Flashing lights lit up the night sky at different heights as the city of Seoul came alive. Hannah and I, on the other hand, were not awake enough to enjoy the experience on our first day. We took an overnight flight from Tashkent, Uzbekistan and arrived in Seoul, South Korea 6.5 hours later with no sleep and foggy heads.
On that sleepy first day, we discovered what became one of our frequent haunts. Namdaemmun Market. Thankfully, it was the sort of place you could waste hours. Clanging of metal ladles echoed from within the giant tubular pots of different Korean soups. Steam wafted left and right with the blowing wind as locals conversed in the melodic sing-song of Korean between the tapping of wooden chopsticks on ceramic bowls. We followed their example and found a second floor restaurant and tucked into dumplings and spicy chicken stir fry. By that point, we checked into the hotel and an accidental nap ensued.
The food in Korea was incredible. Every evening the Myeong-dong area came alive with specialty good carts and locals calling out their wares. Swarms of people jostled one another as they grabbed their favorite street meal each night. Hannah and I tried several different selections. As chocolate loving Americans, we held some healthy skepticism about “red bean” items. It turns out, they were delicious. The red beans are mashed almost like refried beans, but they tasted sweet.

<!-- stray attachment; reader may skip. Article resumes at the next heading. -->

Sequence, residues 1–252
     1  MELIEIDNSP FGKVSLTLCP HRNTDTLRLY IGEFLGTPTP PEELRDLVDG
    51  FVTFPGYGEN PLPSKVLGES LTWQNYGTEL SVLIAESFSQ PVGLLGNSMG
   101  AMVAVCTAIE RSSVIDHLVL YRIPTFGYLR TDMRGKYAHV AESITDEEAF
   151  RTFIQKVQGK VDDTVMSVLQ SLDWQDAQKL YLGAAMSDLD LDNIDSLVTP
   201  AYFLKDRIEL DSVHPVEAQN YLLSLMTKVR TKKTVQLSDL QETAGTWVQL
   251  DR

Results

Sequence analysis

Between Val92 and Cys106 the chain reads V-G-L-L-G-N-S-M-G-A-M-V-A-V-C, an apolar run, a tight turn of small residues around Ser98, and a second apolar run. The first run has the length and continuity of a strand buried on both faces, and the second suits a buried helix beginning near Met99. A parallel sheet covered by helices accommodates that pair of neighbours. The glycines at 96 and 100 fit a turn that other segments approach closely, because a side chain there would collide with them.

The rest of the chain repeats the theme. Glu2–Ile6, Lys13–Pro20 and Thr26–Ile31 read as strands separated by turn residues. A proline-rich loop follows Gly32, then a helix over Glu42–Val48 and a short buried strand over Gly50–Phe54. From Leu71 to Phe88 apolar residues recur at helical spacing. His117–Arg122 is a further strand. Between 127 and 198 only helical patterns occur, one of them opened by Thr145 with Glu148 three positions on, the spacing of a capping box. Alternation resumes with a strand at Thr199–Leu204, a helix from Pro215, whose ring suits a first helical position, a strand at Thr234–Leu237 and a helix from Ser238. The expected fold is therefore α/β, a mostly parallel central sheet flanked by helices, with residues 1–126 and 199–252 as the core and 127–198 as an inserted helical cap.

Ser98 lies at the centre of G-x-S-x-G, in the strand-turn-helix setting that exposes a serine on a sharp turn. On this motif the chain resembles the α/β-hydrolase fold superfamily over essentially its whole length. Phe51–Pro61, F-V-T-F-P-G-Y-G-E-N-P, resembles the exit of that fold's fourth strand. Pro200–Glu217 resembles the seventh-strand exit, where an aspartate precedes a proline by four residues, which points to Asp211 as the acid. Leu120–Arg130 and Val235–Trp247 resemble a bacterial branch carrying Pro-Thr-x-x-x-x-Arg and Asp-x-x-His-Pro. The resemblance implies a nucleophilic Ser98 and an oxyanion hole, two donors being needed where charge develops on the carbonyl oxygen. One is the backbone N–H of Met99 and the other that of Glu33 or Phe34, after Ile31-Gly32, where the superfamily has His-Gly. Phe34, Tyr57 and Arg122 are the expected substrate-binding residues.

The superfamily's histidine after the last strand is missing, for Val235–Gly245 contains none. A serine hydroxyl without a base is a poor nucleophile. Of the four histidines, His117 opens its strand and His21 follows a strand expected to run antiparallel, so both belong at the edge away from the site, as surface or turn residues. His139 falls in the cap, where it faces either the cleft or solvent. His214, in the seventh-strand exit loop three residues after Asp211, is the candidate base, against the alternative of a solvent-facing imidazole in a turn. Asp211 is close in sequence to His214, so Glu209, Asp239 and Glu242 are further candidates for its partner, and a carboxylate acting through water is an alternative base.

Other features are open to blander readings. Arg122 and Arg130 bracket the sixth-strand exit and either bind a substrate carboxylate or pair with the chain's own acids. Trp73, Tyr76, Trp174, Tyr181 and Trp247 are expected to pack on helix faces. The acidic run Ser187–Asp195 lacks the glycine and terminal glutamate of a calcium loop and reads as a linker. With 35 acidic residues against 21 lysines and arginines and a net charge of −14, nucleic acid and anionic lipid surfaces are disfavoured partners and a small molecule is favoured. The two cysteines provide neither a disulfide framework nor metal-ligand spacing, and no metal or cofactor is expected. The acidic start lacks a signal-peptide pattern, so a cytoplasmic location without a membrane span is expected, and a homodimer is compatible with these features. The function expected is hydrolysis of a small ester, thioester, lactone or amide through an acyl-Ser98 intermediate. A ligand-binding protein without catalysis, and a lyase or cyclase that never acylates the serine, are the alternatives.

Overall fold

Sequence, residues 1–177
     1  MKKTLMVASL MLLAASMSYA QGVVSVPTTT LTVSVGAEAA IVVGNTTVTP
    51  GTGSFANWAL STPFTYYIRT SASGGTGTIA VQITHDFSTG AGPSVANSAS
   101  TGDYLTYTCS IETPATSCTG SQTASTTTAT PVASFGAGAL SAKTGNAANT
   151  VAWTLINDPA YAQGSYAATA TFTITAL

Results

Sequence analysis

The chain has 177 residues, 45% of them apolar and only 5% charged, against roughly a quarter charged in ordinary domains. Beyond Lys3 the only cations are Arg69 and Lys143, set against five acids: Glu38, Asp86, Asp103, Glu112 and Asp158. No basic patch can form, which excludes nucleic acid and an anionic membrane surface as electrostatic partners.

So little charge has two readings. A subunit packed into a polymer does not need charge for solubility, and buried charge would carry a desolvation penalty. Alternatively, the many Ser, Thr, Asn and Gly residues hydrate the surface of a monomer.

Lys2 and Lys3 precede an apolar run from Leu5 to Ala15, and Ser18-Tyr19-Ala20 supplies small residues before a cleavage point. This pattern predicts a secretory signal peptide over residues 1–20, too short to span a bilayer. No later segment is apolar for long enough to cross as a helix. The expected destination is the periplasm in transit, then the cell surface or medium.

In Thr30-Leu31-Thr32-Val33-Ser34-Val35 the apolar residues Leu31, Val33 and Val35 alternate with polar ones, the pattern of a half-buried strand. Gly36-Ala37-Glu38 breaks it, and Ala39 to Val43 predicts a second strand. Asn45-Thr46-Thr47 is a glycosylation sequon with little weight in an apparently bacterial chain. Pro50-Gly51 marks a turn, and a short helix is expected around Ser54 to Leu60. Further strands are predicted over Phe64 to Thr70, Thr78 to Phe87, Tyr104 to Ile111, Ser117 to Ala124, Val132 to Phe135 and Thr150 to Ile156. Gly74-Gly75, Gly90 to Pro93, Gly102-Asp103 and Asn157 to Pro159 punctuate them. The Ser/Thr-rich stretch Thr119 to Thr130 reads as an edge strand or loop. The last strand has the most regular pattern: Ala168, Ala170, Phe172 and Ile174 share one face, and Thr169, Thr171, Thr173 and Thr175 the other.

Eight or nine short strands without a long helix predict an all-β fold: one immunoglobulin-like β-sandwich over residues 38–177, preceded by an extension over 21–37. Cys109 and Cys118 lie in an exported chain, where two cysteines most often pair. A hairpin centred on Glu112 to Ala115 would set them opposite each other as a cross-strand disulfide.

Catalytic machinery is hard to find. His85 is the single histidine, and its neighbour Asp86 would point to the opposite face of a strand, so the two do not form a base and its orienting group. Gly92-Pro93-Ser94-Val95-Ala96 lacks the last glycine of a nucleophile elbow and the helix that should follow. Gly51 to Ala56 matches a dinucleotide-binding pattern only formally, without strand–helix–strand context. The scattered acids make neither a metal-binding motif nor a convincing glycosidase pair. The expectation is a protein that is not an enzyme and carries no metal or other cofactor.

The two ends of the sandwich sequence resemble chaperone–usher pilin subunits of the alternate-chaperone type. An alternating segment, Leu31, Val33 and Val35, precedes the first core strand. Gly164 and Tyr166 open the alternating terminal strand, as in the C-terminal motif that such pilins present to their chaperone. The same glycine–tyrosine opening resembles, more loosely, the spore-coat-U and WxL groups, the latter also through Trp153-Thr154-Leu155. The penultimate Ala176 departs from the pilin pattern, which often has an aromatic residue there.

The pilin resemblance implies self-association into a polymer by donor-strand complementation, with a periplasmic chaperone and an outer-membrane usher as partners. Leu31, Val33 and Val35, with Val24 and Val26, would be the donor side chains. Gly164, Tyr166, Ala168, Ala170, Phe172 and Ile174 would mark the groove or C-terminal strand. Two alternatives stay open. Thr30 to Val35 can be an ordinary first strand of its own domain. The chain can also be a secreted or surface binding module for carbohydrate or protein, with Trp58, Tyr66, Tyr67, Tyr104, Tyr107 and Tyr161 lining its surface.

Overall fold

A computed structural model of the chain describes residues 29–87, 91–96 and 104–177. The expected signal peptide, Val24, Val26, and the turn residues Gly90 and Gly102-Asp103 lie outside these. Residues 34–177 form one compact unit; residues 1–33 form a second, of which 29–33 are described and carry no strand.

I truly enjoyed every meal. Different hot and cold noodle dishes with various spices, kimchis, red chili pastes, and meats were the norm. I usually shy away from such things due to the danger of poor hygienic conditions, but I dove in with a zeal. It never got old and was one of the best I had through my entire life.
For dinner one evening, we stumbled into a restaurant with small ovens in the middle of the tables. We picked our dish, a chicken golbi, which was essentially a spicy stir fry with bean sprouts, red spice paste, and udon noodles. I leaned over to the table of young adults adjacent to us to ask advice several times throughout the meal and found myself kindly being offered a “top up?” for my beer from a flask. While I declined, they were very helpful and friendly, even asking how our stay in Korea had been thus far. For such a large metropolitan city with bustling crowds of strangers, our interactions with Koreans always left me smiling.
After the first day of food, I had a revelation and subsequent regret. Hannah and I lived in walking distance to an area in Houston, Texas that boasted great Korean fare, but never once made it there. It was usually due to me being too stubborn and desiring to eat at the usual same 4-5 places. At times throughout the trip, Hannah and I both agreed we would have given a lot to eat at one of our usual haunts either due to legitimate unavailability of food or the taste of familiarity. There were a handful of meal memories, or nightmares, on our trip of a cold bread loaf or stale chips that would not be forgotten any time soon. Thankfully, in Korea, every meal burst with flavor, texture, heat, and fullness. It is renowned as one of the best street food capitals in the world. Locals and visitors flocked to the open seating under small awnings and tents to grab a bite of famous dishes. We could not get enough.